Herb Douglas, the oldest living U.S. Olympic medalist and a trailblazer in the world of sports, passed away on Saturday at the age of 101.
He was widely celebrated for winning the bronze medal in the long jump at the 1948 summer games in London, an achievement that brought pride and joy to his hometown of Pittsburgh.
The University of Pittsburgh, where Douglas had attended as a student-athlete and served as a trustee, announced his passing in a statement on Monday.
Chancellor Patrick Gallagher praised Douglas as a “champion of others” who had left an “indelible mark on this world.”
Douglas was born in the Pittsburgh area on March 9, 1922, and attended Xavier University in New Orleans before returning to his hometown to enroll at the University of Pittsburgh in 1945.
He made history as the first African American to play football for the Panthers, but it was his prowess as a track and field athlete that earned him national recognition.
At Pitt, Douglas won four intercollegiate championships in the long jump and another in the 100-yard dash.
He also claimed three AAU titles in the long jump and secured a spot on the 1948 U.S. Olympic team after finishing as a runner-up in the Olympic trials.
In London, he leaped to a distance of 24-feet-9 inches to win the bronze medal in the long jump.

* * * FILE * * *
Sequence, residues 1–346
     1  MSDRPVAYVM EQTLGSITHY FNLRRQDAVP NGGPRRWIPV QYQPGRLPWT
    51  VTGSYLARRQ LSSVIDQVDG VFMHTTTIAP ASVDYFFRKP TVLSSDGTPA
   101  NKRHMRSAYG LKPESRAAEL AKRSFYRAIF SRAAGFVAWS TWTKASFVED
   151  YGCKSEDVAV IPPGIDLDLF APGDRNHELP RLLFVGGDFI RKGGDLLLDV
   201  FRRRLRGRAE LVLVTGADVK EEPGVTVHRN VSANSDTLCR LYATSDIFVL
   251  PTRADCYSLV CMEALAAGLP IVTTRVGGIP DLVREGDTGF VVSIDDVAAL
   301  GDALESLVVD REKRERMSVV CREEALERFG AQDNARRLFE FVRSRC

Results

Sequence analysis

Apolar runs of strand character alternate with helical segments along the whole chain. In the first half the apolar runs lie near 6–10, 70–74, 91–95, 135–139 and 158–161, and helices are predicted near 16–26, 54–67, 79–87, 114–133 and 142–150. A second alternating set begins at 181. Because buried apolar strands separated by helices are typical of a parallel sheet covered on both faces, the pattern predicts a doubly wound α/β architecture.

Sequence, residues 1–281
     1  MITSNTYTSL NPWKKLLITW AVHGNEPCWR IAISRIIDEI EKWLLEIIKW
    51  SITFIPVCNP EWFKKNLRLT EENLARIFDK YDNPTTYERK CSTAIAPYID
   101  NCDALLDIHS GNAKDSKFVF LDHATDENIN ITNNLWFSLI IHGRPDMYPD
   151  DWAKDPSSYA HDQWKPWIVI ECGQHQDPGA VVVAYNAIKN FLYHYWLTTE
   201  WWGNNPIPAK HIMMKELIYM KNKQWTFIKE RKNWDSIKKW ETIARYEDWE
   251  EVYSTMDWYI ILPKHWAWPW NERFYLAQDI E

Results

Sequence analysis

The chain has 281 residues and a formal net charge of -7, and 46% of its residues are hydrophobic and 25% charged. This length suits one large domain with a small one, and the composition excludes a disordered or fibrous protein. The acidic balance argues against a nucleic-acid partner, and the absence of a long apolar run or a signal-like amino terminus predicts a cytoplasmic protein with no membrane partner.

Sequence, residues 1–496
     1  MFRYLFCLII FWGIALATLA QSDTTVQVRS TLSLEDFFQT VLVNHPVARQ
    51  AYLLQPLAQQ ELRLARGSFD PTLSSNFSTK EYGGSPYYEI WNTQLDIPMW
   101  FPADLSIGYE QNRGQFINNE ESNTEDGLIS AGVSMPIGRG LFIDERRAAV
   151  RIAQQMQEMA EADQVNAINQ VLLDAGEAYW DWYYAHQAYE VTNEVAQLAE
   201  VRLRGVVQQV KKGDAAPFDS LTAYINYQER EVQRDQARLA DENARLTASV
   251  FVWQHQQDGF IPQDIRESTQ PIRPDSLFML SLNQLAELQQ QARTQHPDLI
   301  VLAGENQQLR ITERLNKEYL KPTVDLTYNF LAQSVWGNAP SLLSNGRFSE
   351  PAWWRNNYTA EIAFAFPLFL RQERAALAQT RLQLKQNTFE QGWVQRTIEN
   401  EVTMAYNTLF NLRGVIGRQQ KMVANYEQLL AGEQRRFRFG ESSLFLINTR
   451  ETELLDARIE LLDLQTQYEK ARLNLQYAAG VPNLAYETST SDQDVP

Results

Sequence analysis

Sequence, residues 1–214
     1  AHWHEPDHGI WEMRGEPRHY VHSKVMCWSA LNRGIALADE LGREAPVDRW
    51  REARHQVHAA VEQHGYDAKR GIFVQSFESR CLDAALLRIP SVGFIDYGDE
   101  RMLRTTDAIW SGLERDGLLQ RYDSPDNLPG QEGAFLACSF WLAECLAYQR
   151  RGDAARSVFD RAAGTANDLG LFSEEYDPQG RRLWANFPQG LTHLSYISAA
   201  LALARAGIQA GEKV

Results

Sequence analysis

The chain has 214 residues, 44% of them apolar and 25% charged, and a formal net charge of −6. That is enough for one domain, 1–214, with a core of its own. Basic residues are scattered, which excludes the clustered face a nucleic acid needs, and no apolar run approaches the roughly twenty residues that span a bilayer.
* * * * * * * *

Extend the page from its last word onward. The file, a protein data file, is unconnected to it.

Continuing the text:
Douglas went on to have a successful career in business and was known for his philanthropic work and mentorship of young athletes.
He was inducted into the inaugural Pitt Athletics Hall of Fame class in 2018, a testament to his enduring impact on the university and the world of sports.
In a statement, Pitt Athletic Director Heather Lyke praised Douglas as a “remarkable” and “inspiring” figure who had made a lasting impact on those around him. She announced that the university’s future indoor track would be named in his honor, ensuring that his legacy would continue to inspire future generations of Pitt student-athletes.
Herb Douglas Cause of Death
Herb Douglas may have died due to a natural cause as a result of his age. He is survived by his wife, Minerva Douglas, his daughter, and four grandchildren.
His passing has been mourned by many, including those in the sports community who were inspired by his achievements and character.